Later, at the coffee shop just outside campus, James became increasingly intrigued at Sidney. She had explained that she could not really give him an answer for why she had ventured to the third floor of the library nor could she elaborate on the reasonings for saying hello. All that she could reveal was that she liked to do things on a whim and that James should not be concerned with things that didn’t matter. The weariness in the library was wearing off and James felt much better now that he was thrusted back into normalcy. They talked for hours about each other’s lives; James couldn’t help but feel like Sidney exaggerated on a few instances, but he was much too polite to point any inconsistencies in her tales. He was just glad that someone was taking an interest in him, he was so used to being ignored.
At the conversation’s end, James got Sidney’s number and felt quiet accomplished in the strange turn of events that occurred. Perhaps Sidney could become a possible love interest for James; the thought was surely pleasing to his mind, but he felt as though he was getting ahead of himself. Back at his dorm, James reclined and began to recount the memories made that day. He pulled out his story from his back-pack to see how much work he still needed to get done and noticed something odd. All of the corrections and ideas he had scribbled during his stay at the library were erased as if he had not altered his story at all. James’s heart stopped and he became very at-edge. There was no one in the library able to access his bag besides himself and Sidney and he had kept his back-pack on the entire time at the coffee shop. How could anyone have possibly taken it out of his person and why would anyone do such a thing? James could feel beads of sweat forming on his forehead and he was getting extremely anxious. “This is impossible,” he thought to himself. James decided to take a nap, perhaps he would feel more comfortable after resting a bit.
James’s dreams were plagued by nightmarish figures pulling at him and questioning him about his knowledge. These figures eventually converged into one being with aberrant proportions; it stared directly into James’s eyes as if demanding him of something.
When he awoke, James was feeling more ill than when he had absolved to sleep. He immediately pulled his story out of his bag to find that it was still showing that he had made no alterations since the beginning of the day. James sighed and let the facts dwindle in significance until he no longer cared about the harsh reality. He rejected the disturbing thoughts and began to re-mark his story as best he could to what it looked before Sidney had made her appearance. “Sidney. Had she taken my story?” James was thinking clearer than he ever had before trying to recall each and every detail of her uncanny visit. “There is no way. Besides, what reason would she have for such an action?” James went back to working on his story, but he didn’t even have time to write a single word before his phone rang.
It was Sidney’s number. He was surprised that she had called him so soon, she must have really been interested in him. He answered without hesitation.
“Hey James! Look, I have been thinking and I would love it if I could see you tomorrow. There are a few things I want to tell you.”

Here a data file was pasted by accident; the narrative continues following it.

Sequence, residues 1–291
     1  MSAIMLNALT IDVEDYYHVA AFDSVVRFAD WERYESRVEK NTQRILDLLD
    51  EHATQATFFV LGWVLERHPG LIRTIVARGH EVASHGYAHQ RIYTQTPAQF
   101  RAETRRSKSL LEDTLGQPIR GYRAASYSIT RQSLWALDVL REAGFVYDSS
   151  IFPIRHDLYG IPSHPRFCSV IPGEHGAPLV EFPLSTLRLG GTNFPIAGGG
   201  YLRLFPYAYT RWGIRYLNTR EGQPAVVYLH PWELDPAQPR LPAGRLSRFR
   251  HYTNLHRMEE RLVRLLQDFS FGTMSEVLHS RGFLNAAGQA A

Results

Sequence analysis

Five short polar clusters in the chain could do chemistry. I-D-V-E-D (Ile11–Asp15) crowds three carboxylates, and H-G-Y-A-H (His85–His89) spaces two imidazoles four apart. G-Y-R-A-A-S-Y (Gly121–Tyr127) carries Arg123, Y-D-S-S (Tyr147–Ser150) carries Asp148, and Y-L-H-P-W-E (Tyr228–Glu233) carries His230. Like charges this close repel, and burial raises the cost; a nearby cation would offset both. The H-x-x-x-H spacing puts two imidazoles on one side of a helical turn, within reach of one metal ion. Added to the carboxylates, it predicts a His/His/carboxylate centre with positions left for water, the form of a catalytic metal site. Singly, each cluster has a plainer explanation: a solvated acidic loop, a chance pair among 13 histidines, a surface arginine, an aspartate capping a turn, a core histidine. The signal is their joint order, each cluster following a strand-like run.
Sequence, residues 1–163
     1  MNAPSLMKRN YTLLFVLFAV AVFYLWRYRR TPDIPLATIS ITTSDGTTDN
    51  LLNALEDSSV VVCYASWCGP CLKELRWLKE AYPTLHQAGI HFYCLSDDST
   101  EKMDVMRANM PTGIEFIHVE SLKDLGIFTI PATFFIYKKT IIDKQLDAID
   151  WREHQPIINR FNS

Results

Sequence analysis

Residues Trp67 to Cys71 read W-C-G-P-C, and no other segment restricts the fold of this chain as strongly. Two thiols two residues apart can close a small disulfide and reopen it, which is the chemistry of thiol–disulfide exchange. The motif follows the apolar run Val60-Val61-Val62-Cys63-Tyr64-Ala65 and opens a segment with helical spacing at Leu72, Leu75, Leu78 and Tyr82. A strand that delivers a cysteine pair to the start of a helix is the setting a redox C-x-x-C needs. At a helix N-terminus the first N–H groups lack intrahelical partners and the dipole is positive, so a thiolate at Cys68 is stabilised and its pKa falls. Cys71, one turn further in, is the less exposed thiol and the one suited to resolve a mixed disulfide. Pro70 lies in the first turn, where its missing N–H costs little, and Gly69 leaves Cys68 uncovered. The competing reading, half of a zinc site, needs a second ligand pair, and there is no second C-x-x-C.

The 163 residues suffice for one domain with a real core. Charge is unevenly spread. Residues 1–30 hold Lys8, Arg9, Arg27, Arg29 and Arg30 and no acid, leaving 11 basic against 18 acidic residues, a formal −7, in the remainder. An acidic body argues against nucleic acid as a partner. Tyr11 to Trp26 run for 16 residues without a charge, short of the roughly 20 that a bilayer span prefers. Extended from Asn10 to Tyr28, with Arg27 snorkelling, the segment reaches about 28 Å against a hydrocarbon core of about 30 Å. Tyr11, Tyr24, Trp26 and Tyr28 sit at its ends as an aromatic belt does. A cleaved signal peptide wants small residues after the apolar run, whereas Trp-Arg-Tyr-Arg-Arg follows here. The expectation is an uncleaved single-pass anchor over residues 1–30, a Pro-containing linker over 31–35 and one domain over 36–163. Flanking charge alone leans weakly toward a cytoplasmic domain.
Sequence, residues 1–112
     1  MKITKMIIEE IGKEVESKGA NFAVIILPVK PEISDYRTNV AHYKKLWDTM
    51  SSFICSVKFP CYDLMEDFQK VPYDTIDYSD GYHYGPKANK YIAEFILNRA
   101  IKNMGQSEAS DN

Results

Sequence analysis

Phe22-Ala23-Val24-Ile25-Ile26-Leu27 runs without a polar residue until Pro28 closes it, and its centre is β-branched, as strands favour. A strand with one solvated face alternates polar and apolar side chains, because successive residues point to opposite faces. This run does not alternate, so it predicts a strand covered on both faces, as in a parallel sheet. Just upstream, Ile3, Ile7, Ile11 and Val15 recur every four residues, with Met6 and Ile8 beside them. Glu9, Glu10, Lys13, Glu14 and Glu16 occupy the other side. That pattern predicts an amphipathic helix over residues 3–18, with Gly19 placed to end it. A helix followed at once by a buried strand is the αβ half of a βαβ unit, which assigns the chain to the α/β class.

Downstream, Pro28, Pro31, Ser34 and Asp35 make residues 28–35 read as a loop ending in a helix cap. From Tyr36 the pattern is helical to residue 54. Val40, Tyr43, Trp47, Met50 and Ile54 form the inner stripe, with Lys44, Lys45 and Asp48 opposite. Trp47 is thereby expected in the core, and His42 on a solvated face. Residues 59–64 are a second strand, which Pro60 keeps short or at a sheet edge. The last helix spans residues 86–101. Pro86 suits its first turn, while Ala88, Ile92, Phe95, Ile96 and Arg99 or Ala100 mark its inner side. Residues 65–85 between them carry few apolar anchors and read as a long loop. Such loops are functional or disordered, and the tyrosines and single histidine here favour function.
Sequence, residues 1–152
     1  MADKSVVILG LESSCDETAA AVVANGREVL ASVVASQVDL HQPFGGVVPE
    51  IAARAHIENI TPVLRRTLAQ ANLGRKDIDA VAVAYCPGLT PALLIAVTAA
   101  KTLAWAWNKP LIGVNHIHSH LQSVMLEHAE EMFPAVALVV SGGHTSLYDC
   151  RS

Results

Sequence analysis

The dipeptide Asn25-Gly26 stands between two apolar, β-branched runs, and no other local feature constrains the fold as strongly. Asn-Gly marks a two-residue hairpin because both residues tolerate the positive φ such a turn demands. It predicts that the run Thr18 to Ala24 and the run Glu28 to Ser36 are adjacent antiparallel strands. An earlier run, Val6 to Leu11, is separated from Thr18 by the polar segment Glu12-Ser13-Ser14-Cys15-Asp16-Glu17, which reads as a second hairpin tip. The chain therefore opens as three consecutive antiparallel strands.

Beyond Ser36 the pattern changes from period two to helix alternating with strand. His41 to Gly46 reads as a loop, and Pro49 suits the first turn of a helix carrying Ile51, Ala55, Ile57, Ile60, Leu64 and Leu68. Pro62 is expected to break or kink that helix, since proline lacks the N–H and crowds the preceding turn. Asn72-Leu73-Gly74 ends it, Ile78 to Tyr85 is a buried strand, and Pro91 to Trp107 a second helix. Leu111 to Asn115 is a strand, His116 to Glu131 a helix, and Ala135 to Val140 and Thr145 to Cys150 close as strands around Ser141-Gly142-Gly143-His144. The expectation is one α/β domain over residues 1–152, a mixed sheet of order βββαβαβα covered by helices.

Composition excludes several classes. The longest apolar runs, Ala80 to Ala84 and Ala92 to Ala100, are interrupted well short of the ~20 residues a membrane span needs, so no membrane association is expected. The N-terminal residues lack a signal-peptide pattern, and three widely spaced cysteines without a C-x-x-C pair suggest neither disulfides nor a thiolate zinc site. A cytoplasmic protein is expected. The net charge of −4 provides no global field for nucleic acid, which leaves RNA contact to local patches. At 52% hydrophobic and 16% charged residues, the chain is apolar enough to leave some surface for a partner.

“Well…okay, but where?”
“Back at our spot at the library. Be there for ten ok?”
“Yeah sure, I was planning on being there late tomorrow anyways.”
“Sounds great! See you then.”
She hung up without saying goodbye and James’s phone produced that familiar tone letting him know that the conversation was over – in case it wasn’t obvious. James placed the phone on his desk and smiled to himself. He was happy that he was seeing her again because he had secretly longed for someone to care about for a long time. Maybe this would be the beginning of something beautiful. After a while of childish jubilation, James began to think once more of his story. He started to piece-together how he could conclude the story, but he felt great hesitation in his mind. James got the uncontrollable feeling that he was discovering something forbidden. He began to jerk and spasm every time he put pen to paper and was becoming enraged at himself; he wanted nothing more than to finish his story, but he could not ignore the vibrations in his skull. Tears started to form in the corners of his eyes. James was screaming in pain at the idea of firming-up his work as if he was unlocking potential in his brain that was forcibly shut-off. Revelations passed over his eyes, but he was seeing nothing as he blankly stare into another dimension. James agonizingly pushed his eyes to a closed position as if it would stop the perfected madness coursing through his veins. James was losing consciousness and his mind went void as he slammed his head on the cold hard ground of his dorm.
Luckily, when James awoke it was still time enough for him to get ready for his first class. His head was still throbbing, but he could not tell if it was from physical pain or mental adumbration. He realized that his eyes turned to tunnel-vision as they glanced over his story on the ground beside him. He quickly shoved the papers into his back-pack and reorganized his disheveled appearance because after his final class of the day was over, he would have no time to return to his dorm in preparation for meeting Sidney. He left his dwelling with the determination to keep his mind from numbing him, but he knew he would be unable to prevent another apocalypse in the machinations of his cerebral-being if the emergence was on-setting.